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ARCHITECTURAL DESIGN PORTFOLIO GRIFFIN GILBERT


G G

GRIFFIN GILBERT ARCHITECT | ENGINEER

griffingilbert16@gmail.com // (801) 419-3014 // 4490 Donald Street, Eugene OR 97405

EDUCATION UNIVERSITY OF OREGON // Eugene OR Master of Architecture | Expected Graduation June 2018 UNIVERSITY OF UTAH // Salt Lake City UT Bachelor of Science in Civil & Environmental Engineering | Graduated May 2015 UNIVERSITY OF CANTERBURY // Christchurch NZ Engineering Study Abroad | Spring 2013

EXPERIENCE YORK ENGINEERING // May 2014 - Present Located in Mountain Green UT, York Engineering provides residential engineering throughout Utah and Idaho. Work includes gravity and lateral load design and calculations, foundation design, truss layout design and approval, construction detail drafting, and software updating and design. UNIVERSITY OF OREGON GRADUATE TEACHING EMPLOYEE // September 2016 - December 2016 Employed as a Graduate Teaching Employee for ARCH 461/561 Structural Behavior. Work included teaching labs on MultiFrame software, teaching weekly homework and exam review sessions, assitance during office hours, and exam grading. UNIVERSITY OF UTAH RESEARCH ASSISTANT // JANUARY 2012 - APRIL 2014 Worked with a professor and civil engineering graduate assistant studying and analyzing the effects of the Red Butte Garden on Red Butte Creek. Field sampling and lab analysis showed the positive effects the gardens nutrients provided to the creek.

SKILLS

Autodesk AutoCAD

Google Sketchup

Adobe Photoshop

SAP 2000

Matlab

Autodesk Revit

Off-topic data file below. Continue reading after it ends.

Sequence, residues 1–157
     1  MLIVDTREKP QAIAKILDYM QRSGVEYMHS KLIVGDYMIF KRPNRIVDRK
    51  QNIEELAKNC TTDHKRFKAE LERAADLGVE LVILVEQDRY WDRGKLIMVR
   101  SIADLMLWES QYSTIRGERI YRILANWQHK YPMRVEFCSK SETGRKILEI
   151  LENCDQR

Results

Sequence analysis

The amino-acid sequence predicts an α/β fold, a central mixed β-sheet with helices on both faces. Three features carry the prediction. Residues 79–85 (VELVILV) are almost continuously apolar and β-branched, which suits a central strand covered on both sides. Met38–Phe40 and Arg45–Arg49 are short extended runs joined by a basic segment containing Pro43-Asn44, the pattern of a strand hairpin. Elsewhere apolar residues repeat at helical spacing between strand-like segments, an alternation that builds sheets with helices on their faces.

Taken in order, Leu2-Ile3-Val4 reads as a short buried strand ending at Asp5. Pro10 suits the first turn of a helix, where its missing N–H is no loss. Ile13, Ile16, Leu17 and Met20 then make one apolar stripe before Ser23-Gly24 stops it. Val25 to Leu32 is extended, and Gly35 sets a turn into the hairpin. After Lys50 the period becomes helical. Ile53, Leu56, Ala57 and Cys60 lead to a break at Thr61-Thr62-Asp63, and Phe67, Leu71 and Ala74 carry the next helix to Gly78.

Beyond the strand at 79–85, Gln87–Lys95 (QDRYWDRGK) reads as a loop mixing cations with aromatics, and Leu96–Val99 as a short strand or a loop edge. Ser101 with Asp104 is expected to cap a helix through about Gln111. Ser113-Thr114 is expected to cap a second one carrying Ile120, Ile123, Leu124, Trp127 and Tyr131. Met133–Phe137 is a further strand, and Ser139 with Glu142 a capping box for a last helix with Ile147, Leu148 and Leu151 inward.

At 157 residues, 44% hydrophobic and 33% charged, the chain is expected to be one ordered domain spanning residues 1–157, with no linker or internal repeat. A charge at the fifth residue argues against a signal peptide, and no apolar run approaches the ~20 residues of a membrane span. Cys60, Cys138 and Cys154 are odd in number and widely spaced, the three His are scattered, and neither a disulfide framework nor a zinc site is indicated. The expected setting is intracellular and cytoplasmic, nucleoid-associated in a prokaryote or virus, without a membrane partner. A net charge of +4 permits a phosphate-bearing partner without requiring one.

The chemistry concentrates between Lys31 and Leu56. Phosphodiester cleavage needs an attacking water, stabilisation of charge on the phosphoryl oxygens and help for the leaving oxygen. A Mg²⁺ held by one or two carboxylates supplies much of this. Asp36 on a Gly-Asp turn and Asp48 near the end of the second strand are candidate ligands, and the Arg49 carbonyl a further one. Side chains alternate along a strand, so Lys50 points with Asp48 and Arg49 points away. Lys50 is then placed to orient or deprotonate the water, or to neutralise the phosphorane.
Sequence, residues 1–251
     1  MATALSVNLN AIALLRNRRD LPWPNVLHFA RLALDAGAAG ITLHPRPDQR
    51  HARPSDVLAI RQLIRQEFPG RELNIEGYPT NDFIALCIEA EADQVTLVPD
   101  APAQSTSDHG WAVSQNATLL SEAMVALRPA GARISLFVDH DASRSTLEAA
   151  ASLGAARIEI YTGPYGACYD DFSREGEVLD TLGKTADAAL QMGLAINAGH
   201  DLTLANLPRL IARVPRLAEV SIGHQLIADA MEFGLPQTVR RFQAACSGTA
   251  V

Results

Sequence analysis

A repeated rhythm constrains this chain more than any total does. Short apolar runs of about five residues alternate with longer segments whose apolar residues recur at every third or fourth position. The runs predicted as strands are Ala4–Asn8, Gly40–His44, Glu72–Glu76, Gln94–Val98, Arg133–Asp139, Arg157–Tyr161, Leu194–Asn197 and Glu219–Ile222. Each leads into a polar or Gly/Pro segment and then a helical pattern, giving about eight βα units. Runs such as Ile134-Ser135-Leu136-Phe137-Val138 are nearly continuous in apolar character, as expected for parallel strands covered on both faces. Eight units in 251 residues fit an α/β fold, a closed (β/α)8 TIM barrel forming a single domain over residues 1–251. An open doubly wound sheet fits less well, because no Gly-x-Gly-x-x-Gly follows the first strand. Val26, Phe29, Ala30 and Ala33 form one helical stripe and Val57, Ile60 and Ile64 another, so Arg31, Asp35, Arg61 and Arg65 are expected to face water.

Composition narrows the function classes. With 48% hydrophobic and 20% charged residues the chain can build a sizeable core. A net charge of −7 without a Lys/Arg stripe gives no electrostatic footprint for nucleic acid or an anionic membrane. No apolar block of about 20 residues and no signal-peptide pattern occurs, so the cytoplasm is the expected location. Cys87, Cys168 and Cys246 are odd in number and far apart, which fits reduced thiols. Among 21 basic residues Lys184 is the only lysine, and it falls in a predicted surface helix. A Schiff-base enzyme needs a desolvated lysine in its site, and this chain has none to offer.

Rhino & V-ray

Adobe Illustrator

StruCalc

Microsoft Office Products

Multi-Frame

Grasshopper

Adobe InDesign

Forte

Physical Models


TABLE OF CONTENTS STUDIO PROJECTS Pages 4 - 13

EUGENE AFFORDABLE HOUSING // Fall 2016 Olive Street between 15th & 16th, Eugene OR

“Patient and always asked if we understood what we were going over...always willing to answer questions during or after class”

Pages 14 - 21

EUGENE WETLANDS CENTER // Summer 2016 Education and Advocacy

“Very helpful during homework help sessions”

Pages 22 - 31 Pages 32 - 37

POP ECOLOGY // Spring 2016 Wood | Water | Warhol COTTAGE GROVE LIBRARY // Winter 2015 Central Library and Community Center

CLASS PROJECTS Pages 38 - 39

BUILDING ENCLOSURES PROJECT 1 // Fall 2016 Karuna Passive House, Portland OR

Pages 40 - 41

BUILDING ENCLOSURES PROJECT 2 // Fall 2016 University of Oregon Tykeson Hall Commons

OUTSIDE PROJECTS Pages 42 - 43

DECONSTRUCTED BOX // Winter 2015 University of Utah Architectural Studio

Pages 44 - 45

CABIN DESIGN AND CONSTRUCTION // Summer 2010 Emigration Canyon, Salt Lake City UT

“He provided as much help as possible and would offer thoughtful and meaningful responses” “Effective use of class time...positive attitude” “Easy to approach to ask questions” “Explained the labs clearly and tried to engage the class by asking questions” “Super awesome and always willing to answer questions whenever asked” “He is clearly knowledgable about structures and is good at explaining and answering questions” “Very good at explaining a concept and then re-explaining the concept in a different way to really help people understand it” “Really patient and explained things well”


EUGENE AFFORDABLE HOUSING OLIVE STREET BETWEEN 15TH & 16TH, EUGENE OR STUDIO: FALL 2016 - YEAR TWO M.ARCH ADVISING PROFESSOR: VAL GLITSCH SITE LOCATION: EUGENE, OREGON COLLABORATED WITH: ZHENGXIAN JIN Located in an R4 high-density, residential neighborhood, this housing complex provides a unique housing design while maintaining affordability. A singular unit plan with an optional bedroom/study extension is repeated in an organized manner, offering a total of 41 units along with 24 parking spaces and ample bicycle storage. Community courtyards are anchored by four housing complexes on each corner of the site, generating connectivity and security. A community room centers the site, encouraging neighborhood synergy, while also providing a sense of separation between the courtyards. Overlapping circulation paths encourage interaction between residents while also integrating a number of ecological sustainability measures. Finally, a redesigned Amazon Creek winds through the center of the site, providing a sense of tranquility and peace.